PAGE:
Hic Et Nunc Smart Contracts (Part 2)

In part 1 of this series, I discussed how Hic Et Nunc (HEN) smart contracts are used for minting NFTs.

Due to an exploit, HEN had to deploy V2 versions of the smart contracts. Now, most of the HEN features are implemented using the V2 smart contracts.

I will also discuss the V1 smart contracts exploit that drove the changes for the V2 design.

Swapping

The GUI for swapping is implemented in hicetnunc/src/pages/objkt-display/tabs/swap.js using the React JavaScript library.

The GUI code to request funds from a Tezos wallet and swap the artwork is in src/context/HicetnuncContext.js in the swapv2 method.

There are three main steps for swapping:

  • Request funds from a Tezos wallet to cover the blockchain fees. This request is similar to the process for minting.
  • Update the operator of the OBJKT. An operator is a Tezos address that performs token transfer operations on behalf of the owner of the OBJKT.
  • Swap by transferring the OBJKTs to the HEN escrow wallet.

Before digging into these steps, let’s look at the Marketplace class, which implements all the entry points of the V2 smart contract.

The Marketplace constructor (init method) is used to initialize new class instances. The smart contract initializes storage values and data structures used in other methods of the class.

Here is a list that explains each of the storage fields declared in the constructor:

  • objkt: A contract storage field for the address of the NFT token contract.
  • metadata: The smart contract metadata. This field points to a JSON metadata file hosted on IPFS.
  • manager: A contract storage field that tracks the address of the manager of the smart contract. Only the manager can invoke specific methods, and all platform fees go to its address.
  • swaps: A contract storage field that tracks the swaps as a big map. The big maps store large amounts of data in a map.
  • counter: A contract storage field is used as the ID of the next swap record for the swaps map.
  • fee: The platform fee.

Update operator

The update_operators entry point of the V2 smart contract changes the operator for the OBJKT. This entry point allows owners of tokens to permit other addresses to handle their tokens. HEN uses this entry point to handle the sale on behalf of the owner.

The FA2_core class that implements the update_operators entry point manages an operators map in the contract storage using the combination of owner, operator, and objkt_id as the key. The operator address is the V2 marketplace contract. This map verifies that a transfer operation is permitted and is part of the FA2 standard for implementing the transfer permission policy.

Swap OBJKTs

Here is the Python code for the swap method:

The @sp.entry_point decorator marks the entry point.

The following parameter values are passed to the swap function by the HEN GUI code:

  • royalties — the royalties set by the artist at minting.
  • xtz_per_objkt — the price in tez multiplied by 1000000.
  • objkt_amount — the number of editions.
  • objkt_id — the OBJKT ID.
  • creator — the artist Tezos wallet address.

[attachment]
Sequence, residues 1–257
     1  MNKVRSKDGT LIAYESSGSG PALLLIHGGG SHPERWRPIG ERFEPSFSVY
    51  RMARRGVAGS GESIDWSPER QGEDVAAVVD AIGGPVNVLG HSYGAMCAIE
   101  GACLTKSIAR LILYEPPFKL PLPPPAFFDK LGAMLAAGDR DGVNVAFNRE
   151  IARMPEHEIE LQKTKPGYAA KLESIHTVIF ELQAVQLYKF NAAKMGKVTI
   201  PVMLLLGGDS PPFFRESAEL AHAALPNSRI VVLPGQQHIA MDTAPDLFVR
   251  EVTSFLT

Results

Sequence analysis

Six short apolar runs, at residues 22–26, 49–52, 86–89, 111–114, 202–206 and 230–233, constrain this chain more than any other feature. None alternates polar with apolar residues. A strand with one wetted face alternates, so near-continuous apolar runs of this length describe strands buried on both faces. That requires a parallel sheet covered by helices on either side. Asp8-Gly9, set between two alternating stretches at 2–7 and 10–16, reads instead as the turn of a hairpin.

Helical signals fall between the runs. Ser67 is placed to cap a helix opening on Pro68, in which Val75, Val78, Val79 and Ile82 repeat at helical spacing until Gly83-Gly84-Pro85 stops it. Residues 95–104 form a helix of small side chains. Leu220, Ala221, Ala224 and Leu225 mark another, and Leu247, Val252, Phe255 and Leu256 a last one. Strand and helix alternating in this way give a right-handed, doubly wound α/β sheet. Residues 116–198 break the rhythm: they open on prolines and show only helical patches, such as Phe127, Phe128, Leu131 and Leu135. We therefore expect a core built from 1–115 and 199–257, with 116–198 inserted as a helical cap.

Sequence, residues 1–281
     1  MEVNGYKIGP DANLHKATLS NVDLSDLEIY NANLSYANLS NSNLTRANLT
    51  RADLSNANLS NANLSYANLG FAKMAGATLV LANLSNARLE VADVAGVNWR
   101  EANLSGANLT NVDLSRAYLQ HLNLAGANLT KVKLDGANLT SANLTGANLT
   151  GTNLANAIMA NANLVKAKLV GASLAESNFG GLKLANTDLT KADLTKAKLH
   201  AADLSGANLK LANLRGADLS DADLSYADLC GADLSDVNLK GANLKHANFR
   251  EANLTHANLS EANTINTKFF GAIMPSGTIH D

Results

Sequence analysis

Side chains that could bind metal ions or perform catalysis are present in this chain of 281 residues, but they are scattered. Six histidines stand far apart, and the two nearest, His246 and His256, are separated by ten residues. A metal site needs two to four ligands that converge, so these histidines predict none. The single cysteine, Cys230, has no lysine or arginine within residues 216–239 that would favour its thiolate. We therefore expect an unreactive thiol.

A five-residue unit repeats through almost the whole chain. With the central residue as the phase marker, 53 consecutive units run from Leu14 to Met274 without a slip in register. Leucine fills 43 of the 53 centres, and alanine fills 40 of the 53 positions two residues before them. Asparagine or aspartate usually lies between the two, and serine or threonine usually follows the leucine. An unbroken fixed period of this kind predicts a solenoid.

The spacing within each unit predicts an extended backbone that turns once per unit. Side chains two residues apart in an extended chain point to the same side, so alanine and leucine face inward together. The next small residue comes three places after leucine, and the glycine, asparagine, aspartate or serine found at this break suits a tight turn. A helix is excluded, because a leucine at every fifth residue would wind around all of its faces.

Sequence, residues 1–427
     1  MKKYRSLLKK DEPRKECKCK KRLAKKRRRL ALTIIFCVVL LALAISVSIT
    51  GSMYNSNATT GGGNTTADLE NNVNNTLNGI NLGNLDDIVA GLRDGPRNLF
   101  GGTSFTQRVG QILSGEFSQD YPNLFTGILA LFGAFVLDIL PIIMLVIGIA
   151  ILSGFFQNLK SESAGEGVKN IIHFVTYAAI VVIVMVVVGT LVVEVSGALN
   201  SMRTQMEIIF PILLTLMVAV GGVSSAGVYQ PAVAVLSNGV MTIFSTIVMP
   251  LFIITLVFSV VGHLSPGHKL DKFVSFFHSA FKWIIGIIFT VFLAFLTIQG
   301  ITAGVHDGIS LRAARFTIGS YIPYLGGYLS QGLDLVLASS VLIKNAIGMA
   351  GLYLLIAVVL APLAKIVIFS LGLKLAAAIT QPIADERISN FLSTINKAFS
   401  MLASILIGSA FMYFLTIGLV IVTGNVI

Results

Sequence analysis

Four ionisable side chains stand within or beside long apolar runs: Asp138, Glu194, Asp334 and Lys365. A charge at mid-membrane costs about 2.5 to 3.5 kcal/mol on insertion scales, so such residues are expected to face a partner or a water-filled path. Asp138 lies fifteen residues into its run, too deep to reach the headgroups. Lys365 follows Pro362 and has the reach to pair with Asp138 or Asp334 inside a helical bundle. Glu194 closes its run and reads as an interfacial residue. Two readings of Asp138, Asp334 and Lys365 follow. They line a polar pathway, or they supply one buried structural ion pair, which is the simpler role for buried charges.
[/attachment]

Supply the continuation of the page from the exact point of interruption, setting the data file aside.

Note: sp.sender is the address that called the current entry point.

The code uses the sp.verify command to prevent the entry point from proceeding with the following conditions:

  • objkt_amount must be greater than 0.
  • royalties must be greater or equal than 0 and less or equal than 250.

The code calls fa2_transfer, which uses sp.contract to reference the transfer entry point of the NFT token smart contract. The sp.transfer command invokes the transfer entry point with the parameter values. The FA2 code for the transfer entry point uses the maps in the storage of the NFT token smart contract:

  • Confirms that the calling contract is an operator for the OBJKT by querying the operators map.
  • Updates the ledger map to transfer the objkt_amount editions from the artist’s wallet to the V2 marketplace contract, which acts as an escrow account.

The swaps map is updated with the OBJKT data to track each swap. The counter value updates for the next swap record.

Once this entry point’s transaction completes, the HEN GUI displays the number of OBJKT editions available for purchase at a price specified by the artist. These OBJKTs will no longer be visible in the artist’s wallet.

The V2 marketplace contract will hold onto these OBJKTs until transferred to a buyer or the artist cancels the swap.

Note: The HEN GUI uses the actual royalty specified by the artist during minting. For a secondary sale of an OBJKT, the collector could invoke the swap entry point outside the HEN GUI and override the royalty specified by the original OBJKT artist. However, the HEN GUI doesn’t support such swaps.

Collecting

The GUI for collecting is implemented in hicetnunc/src/pages/objkt-display/tabs/collectors.js using the React JavaScript library.

The GUI code requests funds from a Tezos wallet and swaps the artwork in src/context/HicetnuncContext.js in the collectv2 method.

There are three main steps for collecting:

  • Request funds from a Tezos wallet to cover the blockchain fees. This request is similar to the process for minting.